by Alex Hallowell
When we arrived at Noquochoke Orchards, there was a strange smell wafting over the hill. As we wandered around, looking for the orchard’s proprietor, our noses crinkled as the wind picked up, rotten fish is not a smell one expects at an apple orchard.
We soon found out what the stench was: oyster shells. The farm uses them instead of pavement, and they were setting a layer as we prepared for our tour.
Over the hill, in the peach orchard, the smell subsided and was replaced with that of fresh sea air from the river that abuts the property. Looking down over the hill at the thousands (it seems) of apple, pear, and peach trees, Sue told us the meaning of Noquochoke, it was the local Native American name meaning “east branch of the river,” a fitting name for a peaceful farm on the, you guessed it, east branch of the river. There are downsides however, of being a waterfront property: in 1991 Hurricaine Bob devastated the area, inundating one of the freshly planted groves on a ledge only a few yards from the rivers edge. Luckily the grove survived, and continues to bear fruit today.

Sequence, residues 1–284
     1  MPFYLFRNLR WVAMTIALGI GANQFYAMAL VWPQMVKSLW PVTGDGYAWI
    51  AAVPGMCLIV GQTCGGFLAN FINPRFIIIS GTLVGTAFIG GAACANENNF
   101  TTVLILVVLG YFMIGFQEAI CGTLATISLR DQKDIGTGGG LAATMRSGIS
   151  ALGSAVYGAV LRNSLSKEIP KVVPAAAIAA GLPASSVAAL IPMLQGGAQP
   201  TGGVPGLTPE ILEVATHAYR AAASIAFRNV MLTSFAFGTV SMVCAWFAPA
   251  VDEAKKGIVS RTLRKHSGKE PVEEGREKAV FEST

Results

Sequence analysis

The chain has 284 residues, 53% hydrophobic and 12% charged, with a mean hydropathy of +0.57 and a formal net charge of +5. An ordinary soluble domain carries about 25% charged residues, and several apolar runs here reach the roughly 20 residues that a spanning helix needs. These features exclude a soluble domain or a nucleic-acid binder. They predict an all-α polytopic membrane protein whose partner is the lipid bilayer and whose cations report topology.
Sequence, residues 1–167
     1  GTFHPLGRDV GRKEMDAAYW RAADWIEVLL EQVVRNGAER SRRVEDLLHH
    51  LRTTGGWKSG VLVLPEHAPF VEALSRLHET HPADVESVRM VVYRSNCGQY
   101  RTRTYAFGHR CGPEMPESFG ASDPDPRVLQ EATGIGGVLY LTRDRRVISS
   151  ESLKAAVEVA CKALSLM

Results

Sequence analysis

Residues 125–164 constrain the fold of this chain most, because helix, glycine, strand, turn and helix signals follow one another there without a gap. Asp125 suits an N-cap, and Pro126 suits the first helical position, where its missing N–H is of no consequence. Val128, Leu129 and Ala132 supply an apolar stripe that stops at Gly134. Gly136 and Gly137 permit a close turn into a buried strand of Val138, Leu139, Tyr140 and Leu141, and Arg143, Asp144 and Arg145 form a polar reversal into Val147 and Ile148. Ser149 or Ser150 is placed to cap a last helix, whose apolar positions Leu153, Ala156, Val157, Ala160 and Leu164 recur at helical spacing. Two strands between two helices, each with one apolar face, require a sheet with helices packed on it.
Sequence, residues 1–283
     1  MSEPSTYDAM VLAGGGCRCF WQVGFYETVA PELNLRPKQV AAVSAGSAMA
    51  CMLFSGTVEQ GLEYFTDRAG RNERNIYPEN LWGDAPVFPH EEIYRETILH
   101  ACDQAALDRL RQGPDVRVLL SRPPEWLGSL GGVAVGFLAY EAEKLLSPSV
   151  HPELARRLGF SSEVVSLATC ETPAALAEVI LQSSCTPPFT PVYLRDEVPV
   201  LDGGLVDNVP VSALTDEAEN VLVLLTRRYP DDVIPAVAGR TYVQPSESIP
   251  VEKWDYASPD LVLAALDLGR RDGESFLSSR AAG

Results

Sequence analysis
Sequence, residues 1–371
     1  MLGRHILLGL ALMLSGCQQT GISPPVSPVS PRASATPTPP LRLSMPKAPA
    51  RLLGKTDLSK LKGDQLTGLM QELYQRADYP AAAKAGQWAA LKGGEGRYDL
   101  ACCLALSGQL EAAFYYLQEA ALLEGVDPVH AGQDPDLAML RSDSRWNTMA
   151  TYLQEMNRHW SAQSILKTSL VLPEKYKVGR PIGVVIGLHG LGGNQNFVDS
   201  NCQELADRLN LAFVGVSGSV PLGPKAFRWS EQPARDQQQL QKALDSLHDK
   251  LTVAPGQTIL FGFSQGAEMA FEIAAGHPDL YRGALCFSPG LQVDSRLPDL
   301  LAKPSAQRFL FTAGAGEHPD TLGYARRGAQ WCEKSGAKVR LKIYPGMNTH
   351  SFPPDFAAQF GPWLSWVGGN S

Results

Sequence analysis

We sampled some of the peaches (the apples still have months to go), picking them from the low trees ourselves, and with the juice running down my fingers and face, I can say wholeheartedly: delicious. For a farm that has been operated by the Smith family since 1899, it seems they have the process down pat.
That doesn’t mean, however, that they aren’t up on the newest techniques. The newest, and most visually prevalent addition to the farm was a recommendation by the UMass Amherst Cooperative Extension program: the trees are heavily pruned to grow low to the ground and close together. This makes it possible for one person to pick, where they once needed a team. This keeps labor costs down, and the pick goes faster than it ever could have before.
When asked about other issues the farmers faced, Sue said the birds are always a problem, but that Mother Nature had provided a solution: When a loud noise sounds, the birds scatter from the trees, and become easy pickings for predatory birds of the area. The circle of life, she smirked.
594 Drift Road
First week of August thru Thanksgiving